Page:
It comes as no surprise to anyone that as people age, their bodies change. But, did you know that the ears change, too? Changes in the ear coupled with the way the brain processes sound as a person ages can result in age related hearing loss. One of the changes that happens in the ear is that ear wax gets stickier and drier so that there is a greater risk of the wax becoming impacted. Another change involves the cochlea, which may lose some of its sensory cells or experience degeneration in the nerves that carry information about sounds to the brain. Finally, the eardrum may also become thicker.
Around 50 percent of people over the age of 75 have some loss of hearing. Hearing loss can make it hard for seniors to engage in conversation with others, understand information provided by doctors, respond to emergency alarms, and use the telephone. If you are concerned that your parent may have hearing loss, knowing more about the types of hearing loss may help you to better understand a doctor’s diagnosis and what steps to take next.
Types of Hearing Loss
Age related hearing loss usually occurs in both ears and happens gradually, sometimes making it hard for seniors to accept or realize that they have hearing loss. There are two main kinds of hearing loss that seniors commonly experience. They are:
- Sensorineural: Sensorineural hearing loss is the most frequently experienced type of hearing loss for seniors. Its main cause is age, but it may also occur because of exposure to loud noises or as a side effect of certain medications. Sensorineural hearing loss is the result of damage to the nerve cells or hair cells in the cochlea.
- Conductive: When a person has conductive hearing loss, sounds may seem muffled. Causes of conductive hearing loss are excess ear wax, a hole in the eardrum, arthritis in the bones of the ear, fluid collecting in the middle ear, and infections in the lining of the ear canal.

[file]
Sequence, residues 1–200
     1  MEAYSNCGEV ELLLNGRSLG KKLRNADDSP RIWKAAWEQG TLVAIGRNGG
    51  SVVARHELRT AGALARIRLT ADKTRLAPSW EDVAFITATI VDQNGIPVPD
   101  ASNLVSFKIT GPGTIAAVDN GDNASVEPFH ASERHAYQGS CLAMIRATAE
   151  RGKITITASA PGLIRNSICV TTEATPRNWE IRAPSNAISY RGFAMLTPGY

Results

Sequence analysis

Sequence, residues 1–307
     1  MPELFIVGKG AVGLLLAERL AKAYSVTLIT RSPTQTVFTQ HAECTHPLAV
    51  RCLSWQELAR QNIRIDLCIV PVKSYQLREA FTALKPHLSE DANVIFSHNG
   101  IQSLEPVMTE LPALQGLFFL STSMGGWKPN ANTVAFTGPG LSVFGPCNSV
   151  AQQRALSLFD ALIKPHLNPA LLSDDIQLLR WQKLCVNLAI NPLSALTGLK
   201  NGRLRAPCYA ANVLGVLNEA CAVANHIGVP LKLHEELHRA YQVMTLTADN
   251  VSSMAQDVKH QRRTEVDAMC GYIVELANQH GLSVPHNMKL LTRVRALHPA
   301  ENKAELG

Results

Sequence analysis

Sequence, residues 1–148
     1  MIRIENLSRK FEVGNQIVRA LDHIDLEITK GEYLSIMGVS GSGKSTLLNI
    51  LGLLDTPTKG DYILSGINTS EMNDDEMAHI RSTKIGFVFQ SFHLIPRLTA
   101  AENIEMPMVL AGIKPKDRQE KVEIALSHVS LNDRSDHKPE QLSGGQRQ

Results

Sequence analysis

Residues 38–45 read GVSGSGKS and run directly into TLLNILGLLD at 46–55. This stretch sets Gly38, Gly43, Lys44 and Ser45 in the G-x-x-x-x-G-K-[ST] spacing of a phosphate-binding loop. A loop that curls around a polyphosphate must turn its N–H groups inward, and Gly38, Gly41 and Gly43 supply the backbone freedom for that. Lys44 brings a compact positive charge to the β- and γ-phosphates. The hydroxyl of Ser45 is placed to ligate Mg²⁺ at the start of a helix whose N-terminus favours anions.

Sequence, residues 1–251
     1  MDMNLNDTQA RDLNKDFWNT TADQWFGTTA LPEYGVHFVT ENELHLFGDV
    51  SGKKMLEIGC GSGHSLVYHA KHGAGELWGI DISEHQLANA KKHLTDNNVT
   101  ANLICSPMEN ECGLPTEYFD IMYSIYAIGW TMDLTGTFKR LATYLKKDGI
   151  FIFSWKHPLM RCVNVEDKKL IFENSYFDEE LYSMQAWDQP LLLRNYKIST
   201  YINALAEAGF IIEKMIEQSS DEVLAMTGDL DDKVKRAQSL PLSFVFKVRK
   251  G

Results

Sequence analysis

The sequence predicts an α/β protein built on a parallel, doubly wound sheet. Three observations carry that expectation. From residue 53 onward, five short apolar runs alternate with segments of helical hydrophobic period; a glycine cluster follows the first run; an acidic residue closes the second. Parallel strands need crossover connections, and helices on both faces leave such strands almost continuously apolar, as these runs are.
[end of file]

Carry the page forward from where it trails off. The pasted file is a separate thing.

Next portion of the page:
It is also possible for people to experience mixed hearing loss in which they have both sensorineural and conductive hearing loss.
How Home Care Can Help
If your parent is diagnosed with hearing loss, hiring a home care provider can help your parent to handle some of the things that are difficult with hearing loss. A home care provider can answer telephone calls, attend appointments with your parent to catch information they may not hear, and help them to learn strategies for living with hearing loss. For example, a home care provider can work with your parent to learn watch people’s mouths when they are talking, which may make it easier to understand what is being said. A home care provider can also remind your parent to wear their hearing aid in the early days when it is easy to forget the new device.
If you or an aging loved-one are considering home care in Moorestown, NJ, please contact the caring staff at TLC Home Care Services today. Call (856) 234-8700 for more information.
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